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New York mom steps on a skull, and opens a murder case

New York State Police

Investigators initially thought the man, who was wearing this shirt when found, was a boy because of his small stature. Dental examination revealed he could have been as old as 55.

The car skidded to a stop in the highway median’s thick underbrush, and the young mother behind the wheel realized that she and her 3-year-old son had survived the accident unscathed. Her sedan was stuck on top of some early spring brambles, and she’d need to borrow a cellphone to call a tow-truck and her husband, but she’d run off one of Long Island’s busiest roads, the Northern State Parkway, at high speed without striking any cars or trees.

Relieved, she opened the driver’s side door to get out and flag down help – and stepped directly onto a human skull.

Within hours, on that March day in 2004, investigators from the New York State Police were unearthing the fully clothed skeleton of an unknown male, partially stuffed into a plastic bag just inside the eastern border of Nassau County. Before long, however, they had to admit they were stumped. Who was this man and how did he die? And who dumped his body?

One of their best clues to his identity and how long he’d been lying under the leaves was an item of clothing, an iconic artifact from the era of Pac-Man and MTV – his 1980s Members Only jacket. The coat helped establish that the man had probably been hidden in the lonely strip of woods between the east and westbound lanes of a freeway more than two decades before Willis found him.

Almost ten years since the body’s discovery, however, detectives still haven’t identified the victim or figured out who might have killed him, and now they’re asking for the public’s help in solving a mystery they call the Members Only case.

“We want to identify him to give somebody, somewhere, closure,” said Senior Investigator Thomas Hughes, when asked why the state police are taking a fresh look at the long-cold case. “Maybe there’s a kid out there who wants to know what happened to his father.” 

Hughes, who caught the case when the body was first found, says the 2004 investigation was “painstaking,” and that it was frustrating not to have resolution.

“When it went cold,” he said, “I kept working on it myself.” He’s now been paired with a new investigator to take another pass at the evidence.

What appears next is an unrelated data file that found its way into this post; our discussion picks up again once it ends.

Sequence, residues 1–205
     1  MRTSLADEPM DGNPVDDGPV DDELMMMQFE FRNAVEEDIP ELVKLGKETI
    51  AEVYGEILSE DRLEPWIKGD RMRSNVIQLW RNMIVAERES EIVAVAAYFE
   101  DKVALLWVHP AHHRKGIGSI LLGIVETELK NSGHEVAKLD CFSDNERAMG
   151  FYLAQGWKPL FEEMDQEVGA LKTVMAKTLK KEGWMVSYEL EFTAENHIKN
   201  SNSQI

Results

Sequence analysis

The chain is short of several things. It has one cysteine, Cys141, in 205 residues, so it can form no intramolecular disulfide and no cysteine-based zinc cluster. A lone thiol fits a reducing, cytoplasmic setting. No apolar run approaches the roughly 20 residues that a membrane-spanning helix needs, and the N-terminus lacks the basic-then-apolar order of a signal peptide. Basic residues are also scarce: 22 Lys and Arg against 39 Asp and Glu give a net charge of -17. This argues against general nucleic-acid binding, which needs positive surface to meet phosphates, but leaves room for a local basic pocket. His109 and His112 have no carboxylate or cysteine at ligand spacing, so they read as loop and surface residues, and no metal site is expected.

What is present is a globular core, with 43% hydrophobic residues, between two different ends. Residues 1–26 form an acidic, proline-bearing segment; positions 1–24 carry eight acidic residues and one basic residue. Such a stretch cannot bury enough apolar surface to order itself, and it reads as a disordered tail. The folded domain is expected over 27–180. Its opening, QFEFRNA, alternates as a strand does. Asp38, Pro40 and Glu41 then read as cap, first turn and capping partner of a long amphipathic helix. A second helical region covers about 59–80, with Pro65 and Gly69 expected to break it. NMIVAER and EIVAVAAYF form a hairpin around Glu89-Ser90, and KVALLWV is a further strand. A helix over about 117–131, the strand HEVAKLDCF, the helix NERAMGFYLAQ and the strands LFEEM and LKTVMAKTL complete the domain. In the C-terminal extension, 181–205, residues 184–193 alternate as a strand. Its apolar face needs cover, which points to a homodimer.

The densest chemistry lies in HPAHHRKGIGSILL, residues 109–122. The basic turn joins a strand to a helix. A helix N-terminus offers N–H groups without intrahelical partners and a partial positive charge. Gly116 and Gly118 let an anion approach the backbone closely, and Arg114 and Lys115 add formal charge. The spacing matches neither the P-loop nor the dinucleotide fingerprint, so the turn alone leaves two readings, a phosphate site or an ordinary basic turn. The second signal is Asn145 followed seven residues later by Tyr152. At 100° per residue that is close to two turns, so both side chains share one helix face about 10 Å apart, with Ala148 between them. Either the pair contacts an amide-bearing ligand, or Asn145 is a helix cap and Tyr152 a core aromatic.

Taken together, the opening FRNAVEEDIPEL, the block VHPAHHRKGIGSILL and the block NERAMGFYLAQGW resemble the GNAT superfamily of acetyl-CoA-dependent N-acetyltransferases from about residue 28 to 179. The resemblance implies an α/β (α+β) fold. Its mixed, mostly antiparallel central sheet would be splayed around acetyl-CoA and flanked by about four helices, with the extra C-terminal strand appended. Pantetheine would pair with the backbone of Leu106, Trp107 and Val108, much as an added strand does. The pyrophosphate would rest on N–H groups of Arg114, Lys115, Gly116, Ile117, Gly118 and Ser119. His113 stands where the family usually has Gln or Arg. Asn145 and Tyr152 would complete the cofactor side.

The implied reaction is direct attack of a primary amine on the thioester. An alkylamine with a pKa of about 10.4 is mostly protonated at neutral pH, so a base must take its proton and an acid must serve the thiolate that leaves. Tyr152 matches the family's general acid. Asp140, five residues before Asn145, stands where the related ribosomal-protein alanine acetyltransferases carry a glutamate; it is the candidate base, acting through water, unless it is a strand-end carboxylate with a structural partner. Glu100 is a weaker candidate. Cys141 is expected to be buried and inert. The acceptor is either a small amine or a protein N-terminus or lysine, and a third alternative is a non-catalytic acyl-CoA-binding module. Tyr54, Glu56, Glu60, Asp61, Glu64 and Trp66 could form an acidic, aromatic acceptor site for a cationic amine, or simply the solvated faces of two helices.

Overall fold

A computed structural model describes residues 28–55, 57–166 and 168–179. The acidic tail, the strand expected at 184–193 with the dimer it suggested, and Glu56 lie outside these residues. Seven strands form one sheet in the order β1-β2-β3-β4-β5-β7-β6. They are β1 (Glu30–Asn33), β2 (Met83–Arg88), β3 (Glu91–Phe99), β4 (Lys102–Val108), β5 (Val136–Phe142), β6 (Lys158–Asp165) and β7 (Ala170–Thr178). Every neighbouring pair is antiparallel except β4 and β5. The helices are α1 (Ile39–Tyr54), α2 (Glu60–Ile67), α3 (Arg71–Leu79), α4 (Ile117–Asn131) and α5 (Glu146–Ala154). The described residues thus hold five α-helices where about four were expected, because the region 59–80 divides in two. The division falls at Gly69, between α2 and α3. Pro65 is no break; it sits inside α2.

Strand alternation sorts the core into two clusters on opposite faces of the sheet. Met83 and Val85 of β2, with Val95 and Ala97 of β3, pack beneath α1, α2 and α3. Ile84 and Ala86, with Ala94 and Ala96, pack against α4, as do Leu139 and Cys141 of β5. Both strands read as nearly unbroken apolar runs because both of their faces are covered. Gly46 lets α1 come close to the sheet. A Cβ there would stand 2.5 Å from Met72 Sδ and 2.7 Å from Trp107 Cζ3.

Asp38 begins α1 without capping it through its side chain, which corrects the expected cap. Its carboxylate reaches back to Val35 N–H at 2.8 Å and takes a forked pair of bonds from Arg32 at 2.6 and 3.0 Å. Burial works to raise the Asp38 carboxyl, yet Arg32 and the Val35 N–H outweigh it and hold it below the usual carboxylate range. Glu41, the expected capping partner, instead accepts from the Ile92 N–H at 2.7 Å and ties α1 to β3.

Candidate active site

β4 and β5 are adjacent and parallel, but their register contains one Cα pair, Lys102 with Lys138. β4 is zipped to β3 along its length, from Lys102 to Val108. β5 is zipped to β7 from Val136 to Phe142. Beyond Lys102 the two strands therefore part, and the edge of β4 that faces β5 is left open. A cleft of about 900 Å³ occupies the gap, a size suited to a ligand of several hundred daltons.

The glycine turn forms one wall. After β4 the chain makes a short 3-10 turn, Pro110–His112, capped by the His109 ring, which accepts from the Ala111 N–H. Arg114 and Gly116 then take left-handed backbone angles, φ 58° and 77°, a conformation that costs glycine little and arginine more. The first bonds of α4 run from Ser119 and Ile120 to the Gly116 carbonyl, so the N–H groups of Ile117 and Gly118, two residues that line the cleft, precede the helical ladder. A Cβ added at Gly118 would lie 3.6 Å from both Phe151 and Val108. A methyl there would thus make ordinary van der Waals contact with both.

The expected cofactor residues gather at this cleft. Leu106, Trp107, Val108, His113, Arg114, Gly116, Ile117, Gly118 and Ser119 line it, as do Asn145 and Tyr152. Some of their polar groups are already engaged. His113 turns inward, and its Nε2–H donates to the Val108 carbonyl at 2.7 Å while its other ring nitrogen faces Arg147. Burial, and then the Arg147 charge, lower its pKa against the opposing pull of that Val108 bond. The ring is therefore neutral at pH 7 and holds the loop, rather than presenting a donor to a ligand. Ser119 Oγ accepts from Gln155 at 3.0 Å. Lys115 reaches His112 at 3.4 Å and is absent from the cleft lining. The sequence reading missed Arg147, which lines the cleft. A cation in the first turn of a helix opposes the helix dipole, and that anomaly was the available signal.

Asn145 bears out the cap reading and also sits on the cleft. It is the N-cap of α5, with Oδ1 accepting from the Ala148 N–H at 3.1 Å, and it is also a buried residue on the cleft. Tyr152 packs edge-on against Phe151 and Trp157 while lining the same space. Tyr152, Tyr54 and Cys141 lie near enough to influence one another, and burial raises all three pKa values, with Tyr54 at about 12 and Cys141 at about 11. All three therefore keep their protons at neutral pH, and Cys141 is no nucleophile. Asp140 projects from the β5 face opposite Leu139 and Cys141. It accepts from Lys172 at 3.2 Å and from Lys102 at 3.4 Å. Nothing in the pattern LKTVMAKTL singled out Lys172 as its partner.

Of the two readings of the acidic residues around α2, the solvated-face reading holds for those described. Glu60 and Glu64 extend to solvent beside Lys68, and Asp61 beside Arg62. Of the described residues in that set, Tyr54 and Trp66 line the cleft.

Do you have information on the Members Only cold case? Call the New York State Police Troop “L” Major Crimes Unit at (631) 756-3300.

No bullets or casings were found at the crime scene, and no identification was found on the body. But investigators have used his facial structure, his clothing and some of the items from his pockets to make educated guesses about who he was, when he died and where he lived.

A computer generated reconstruction of the victim shows a high-cheekboned face with dark hair and a slightly dark complexion. During the original investigation, the Medical Examiner believed the victim to be Caucasian, based on his cheekbones, but Hughes says that now he’s not so sure. A 1970s-style “Afro-pick” comb was found with the body, and police renderings of his possible appearance include both straight and curly hair. 

The victim was wearing a white button-down shirt, bellbottoms, tube socks and the Members Only jacket. Bellbottoms were popular in the 1970s, and the jacket had its heyday in the 1980s.

There were coins in the pocket of the bellbottoms, and the date on a dime, the newest coin, was 1974, meaning the crime couldn’t have happened any earlier.

After the jacket had been taken to a laboratory, some chemical cleaning and a microscope revealed a serial number. Hughes called the factory in Sri Lanka, where he learned that a coat with that number had been manufactured in 1982.

The man’s money clip was empty, but the clip was a promotional item emblazoned with the logo of a New York City heating oil company called Paragon Oil.

Despite his unglamorous clothing, he was also wearing a fancy Bulova watch. The timepiece had been manufactured by the Queens, N.Y., based company in 1960, when it had carried a retail price of $500.

The single most distinctive thing about the dead man, however, was his height. When his skeleton was first pulled from the leaves, police thought he might have been a child, because he was only 5 foot 1. But dental examination by a forensic anthropologist put his age at anywhere from 35 to 55. 

During the original investigation, the combination of a fancy watch and the unusually small stature gave one of the investigators an idea. Two major horseracing tracks, Aqueduct and Belmont, are within 30 miles of Plainview, where the body was found. Was the dead man a jockey?

But calls to racetracks in the New York and New Jersey came up empty. No jockeys had gone missing.

With the case getting new eyes, however, investigators still believe the man’s height is the key to his identity. They have decided to scrap the idea that he had to have died in 1982 or after, just in case the serial number on his jacket or the Sri Lankan factory records were wrong, and focus on identifying a missing person who was shorter than 99 percent of American adult males.

Hughes said he and his partner will also restart his probe in the New York City borough of Queens, because of the watch and the Paragon Oil money clip and because Queens lies at the western end of the Northern State Parkway. That means their next step is to head to Queens and get another taste of what life was like in the 1980s.

Few of the missing persons cases from the early 1980s and before have been computerized. “Back then missing persons cases were filed and put in a box,” explained Hughes. “We’ll literally be looking through warehouses full of boxes in Queens.”

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